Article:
Kerberos is a network authentication protocol which utilizes symmetric cryptography to provide authentication for client-server applications.
Kerberos Standard Definition
Kerberos is defined in RFC 1510 – The Kerberos Network Authentication Service (V5).
The core of Kerberos architecture is the KDC (Key Distribution Server). The KDC stores authentication information and uses it to securely authenticate users and services.
This authentication is called secure because it:
- Does not appear as plaintext
- Does not rely on authentication by the host operating system
- Does not base trust on IP addresses
- Does not require physical security of the network hosts
The KDC acts as a trusted third party in performing these authentication services.
Due to the critical function of the KDC, multiple KDCs are normally utilized. Each KDC stores a database of users, servers, and secret keys.
Kerberos client applications are normal network applications modified to use Kerberos for authentication. In Kerberos slang, they have been Kerberized.
How Kerberos Works
One of the problems that comes with using a network that requires authentication from the user–a username and password–is the fact that the password is sent over the network as plain text. So, the user types in the username and password, which might appear as asterisks, and then they hit enter to submit it. The password and username travel over the network as plain text.
For someone looking to gain access to this information, it would not be too difficult to catch the password and username while en route through the network and use it to access the system. Kerberos allows for the password and username to be used without having to send them over the network. In other words, the network can be accessed, but the password and username don’t have to travel through it.
In a kerberized network, the kerberos database contains principles and their keys. All of the services are also stored on the kerberos database with their keys.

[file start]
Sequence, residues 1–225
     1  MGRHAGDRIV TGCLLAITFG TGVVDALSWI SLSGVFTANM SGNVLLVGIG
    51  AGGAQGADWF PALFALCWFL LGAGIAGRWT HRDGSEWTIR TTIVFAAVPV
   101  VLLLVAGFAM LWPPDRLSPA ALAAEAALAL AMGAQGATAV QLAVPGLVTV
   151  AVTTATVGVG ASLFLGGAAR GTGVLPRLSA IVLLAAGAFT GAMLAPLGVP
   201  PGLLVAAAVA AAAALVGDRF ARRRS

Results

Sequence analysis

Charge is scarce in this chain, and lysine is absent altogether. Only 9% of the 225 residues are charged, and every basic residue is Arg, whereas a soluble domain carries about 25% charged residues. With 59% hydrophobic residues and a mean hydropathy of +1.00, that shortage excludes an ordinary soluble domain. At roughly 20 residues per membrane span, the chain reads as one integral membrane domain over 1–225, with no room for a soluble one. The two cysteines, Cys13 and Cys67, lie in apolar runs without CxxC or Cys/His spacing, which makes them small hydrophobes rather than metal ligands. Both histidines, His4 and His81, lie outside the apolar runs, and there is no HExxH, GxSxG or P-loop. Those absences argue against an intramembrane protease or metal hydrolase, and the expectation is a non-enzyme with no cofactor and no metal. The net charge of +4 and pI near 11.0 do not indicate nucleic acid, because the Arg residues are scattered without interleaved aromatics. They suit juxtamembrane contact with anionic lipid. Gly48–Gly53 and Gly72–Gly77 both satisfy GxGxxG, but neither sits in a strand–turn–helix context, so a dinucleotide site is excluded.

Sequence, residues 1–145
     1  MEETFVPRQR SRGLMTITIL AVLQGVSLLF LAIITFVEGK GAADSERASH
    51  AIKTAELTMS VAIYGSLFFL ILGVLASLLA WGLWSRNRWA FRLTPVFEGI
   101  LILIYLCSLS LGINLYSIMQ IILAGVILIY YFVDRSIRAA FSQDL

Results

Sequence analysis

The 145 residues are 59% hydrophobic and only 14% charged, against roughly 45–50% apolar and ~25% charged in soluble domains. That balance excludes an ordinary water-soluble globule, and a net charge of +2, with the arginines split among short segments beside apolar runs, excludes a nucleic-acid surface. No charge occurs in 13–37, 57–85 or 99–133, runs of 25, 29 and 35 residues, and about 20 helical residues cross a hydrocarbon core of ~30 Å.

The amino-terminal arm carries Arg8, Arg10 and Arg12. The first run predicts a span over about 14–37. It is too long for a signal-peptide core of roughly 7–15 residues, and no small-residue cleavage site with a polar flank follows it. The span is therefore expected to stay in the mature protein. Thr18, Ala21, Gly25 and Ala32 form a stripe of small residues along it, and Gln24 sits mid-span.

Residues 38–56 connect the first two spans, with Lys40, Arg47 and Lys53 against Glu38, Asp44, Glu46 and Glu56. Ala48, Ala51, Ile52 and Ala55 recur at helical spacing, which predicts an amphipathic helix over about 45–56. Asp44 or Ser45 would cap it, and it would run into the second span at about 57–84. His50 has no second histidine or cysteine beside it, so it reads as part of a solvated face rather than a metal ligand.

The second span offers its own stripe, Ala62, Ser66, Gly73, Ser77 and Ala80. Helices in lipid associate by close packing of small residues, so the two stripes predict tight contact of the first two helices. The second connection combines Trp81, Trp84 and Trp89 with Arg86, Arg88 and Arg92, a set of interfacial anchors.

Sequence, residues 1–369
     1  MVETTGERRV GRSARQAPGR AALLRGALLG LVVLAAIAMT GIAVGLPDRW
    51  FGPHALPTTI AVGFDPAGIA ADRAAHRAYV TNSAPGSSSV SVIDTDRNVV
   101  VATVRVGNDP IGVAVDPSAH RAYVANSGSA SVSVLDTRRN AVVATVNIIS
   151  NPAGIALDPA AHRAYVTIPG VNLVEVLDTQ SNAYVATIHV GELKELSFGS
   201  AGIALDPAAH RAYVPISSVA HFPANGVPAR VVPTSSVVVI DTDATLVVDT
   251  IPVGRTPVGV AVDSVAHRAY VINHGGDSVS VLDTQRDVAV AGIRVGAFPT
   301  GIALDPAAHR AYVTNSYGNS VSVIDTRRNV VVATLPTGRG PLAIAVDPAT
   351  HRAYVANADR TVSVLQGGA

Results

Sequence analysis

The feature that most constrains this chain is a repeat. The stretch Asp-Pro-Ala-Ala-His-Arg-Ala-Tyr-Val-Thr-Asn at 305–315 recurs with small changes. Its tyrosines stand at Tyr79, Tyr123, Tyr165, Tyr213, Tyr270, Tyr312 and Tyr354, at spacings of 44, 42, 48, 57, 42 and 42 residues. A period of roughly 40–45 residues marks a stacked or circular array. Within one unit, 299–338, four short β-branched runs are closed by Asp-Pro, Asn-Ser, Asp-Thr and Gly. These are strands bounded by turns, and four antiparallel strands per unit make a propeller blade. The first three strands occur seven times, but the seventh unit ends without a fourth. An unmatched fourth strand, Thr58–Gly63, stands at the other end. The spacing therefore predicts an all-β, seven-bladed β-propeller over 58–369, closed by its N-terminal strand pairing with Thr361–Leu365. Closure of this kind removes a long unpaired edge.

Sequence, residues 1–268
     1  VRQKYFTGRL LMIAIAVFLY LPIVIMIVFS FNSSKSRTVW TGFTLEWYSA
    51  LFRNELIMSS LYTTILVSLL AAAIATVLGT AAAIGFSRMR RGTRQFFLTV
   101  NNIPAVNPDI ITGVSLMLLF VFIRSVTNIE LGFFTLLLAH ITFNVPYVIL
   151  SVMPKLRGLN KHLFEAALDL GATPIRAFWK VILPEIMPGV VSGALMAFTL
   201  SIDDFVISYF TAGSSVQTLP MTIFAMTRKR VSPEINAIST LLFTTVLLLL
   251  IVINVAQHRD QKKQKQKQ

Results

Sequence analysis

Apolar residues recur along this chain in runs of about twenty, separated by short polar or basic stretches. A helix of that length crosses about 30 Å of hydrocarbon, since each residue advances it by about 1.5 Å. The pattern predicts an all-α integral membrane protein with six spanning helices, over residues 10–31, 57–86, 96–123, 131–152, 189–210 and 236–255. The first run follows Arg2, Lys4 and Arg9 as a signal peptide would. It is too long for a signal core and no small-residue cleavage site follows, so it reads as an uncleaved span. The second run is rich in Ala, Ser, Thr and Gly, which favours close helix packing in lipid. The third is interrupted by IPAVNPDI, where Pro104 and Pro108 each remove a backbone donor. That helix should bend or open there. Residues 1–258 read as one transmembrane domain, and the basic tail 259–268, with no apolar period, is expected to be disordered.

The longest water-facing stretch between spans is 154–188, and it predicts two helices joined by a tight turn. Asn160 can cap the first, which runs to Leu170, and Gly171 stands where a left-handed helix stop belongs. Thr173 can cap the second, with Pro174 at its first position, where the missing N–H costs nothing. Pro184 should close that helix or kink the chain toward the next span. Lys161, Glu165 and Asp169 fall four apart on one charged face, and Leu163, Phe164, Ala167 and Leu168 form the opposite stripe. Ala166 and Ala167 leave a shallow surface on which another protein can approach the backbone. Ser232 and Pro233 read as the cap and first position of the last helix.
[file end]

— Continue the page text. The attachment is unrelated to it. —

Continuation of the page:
When a user wants to log in to the network, the principle is sent to the key distribution center (KDC). This is sent as a request for the ticket granting ticket (TGT). The request can be sent by a login program or by a kinit program.
If the KDC finds the principle in the database, it creates a TGT, encrypts it using the TGT, encrypts it using the user’s individual key and then sends it back to the user.
Once it [TGT] is received by the user, the login program decrypts the encrypted key. This TGT is stored in the credentials cache and expires after a certain amount of time. The time varies, but is typically around eight hours. This brings more security because when the TGT expires, access to the network expires as well (because a new TGT is needed).
The Kerberos Protocol
Kerberos defines ten messages that make up the Kerberos protocol:
KRB_AS_REQ Kerberos Authentication Service Request KRBAS_REP Kerberos Authentication Service Reply KRB_AP_REQ Kerberos Application Request KRB_AP_REP Kerberos Application Reply KRB_TGS_REQ Kerberos Ticket Granting Service Request KRB_TGS_REP Kerberos Ticket Granting Service Reply KRB_SAFE Kerberos Safe (Checksummed) Application Message KRB_PRIV Kerberos Private (Encrypted) Application Message KRB_CRED Kerberos Credentiials KRB_ERROR Kerberos Erro
Several other commercial and non-commercial Kerberos implementations are also available.
Microsoft added a slight modified version of Kerberos v5 authentication in Windows 2000.
Since KDCs store secret keys for every user and server on the network, they must be kept completely secure. If an attacker got administrative access to the KDC, he would have access to the resources of the Kerberos realm.
Kerberos tickets are cached on the client systems. If an attacker gains administrative access to a Kerberos client system, he can impersonate the authenticated users of that system.
Additional Reading on Kerberos
RFC 1510 is an excellent source for understanding the Kerberos protocol.
The Kerberos FAQ provides more information.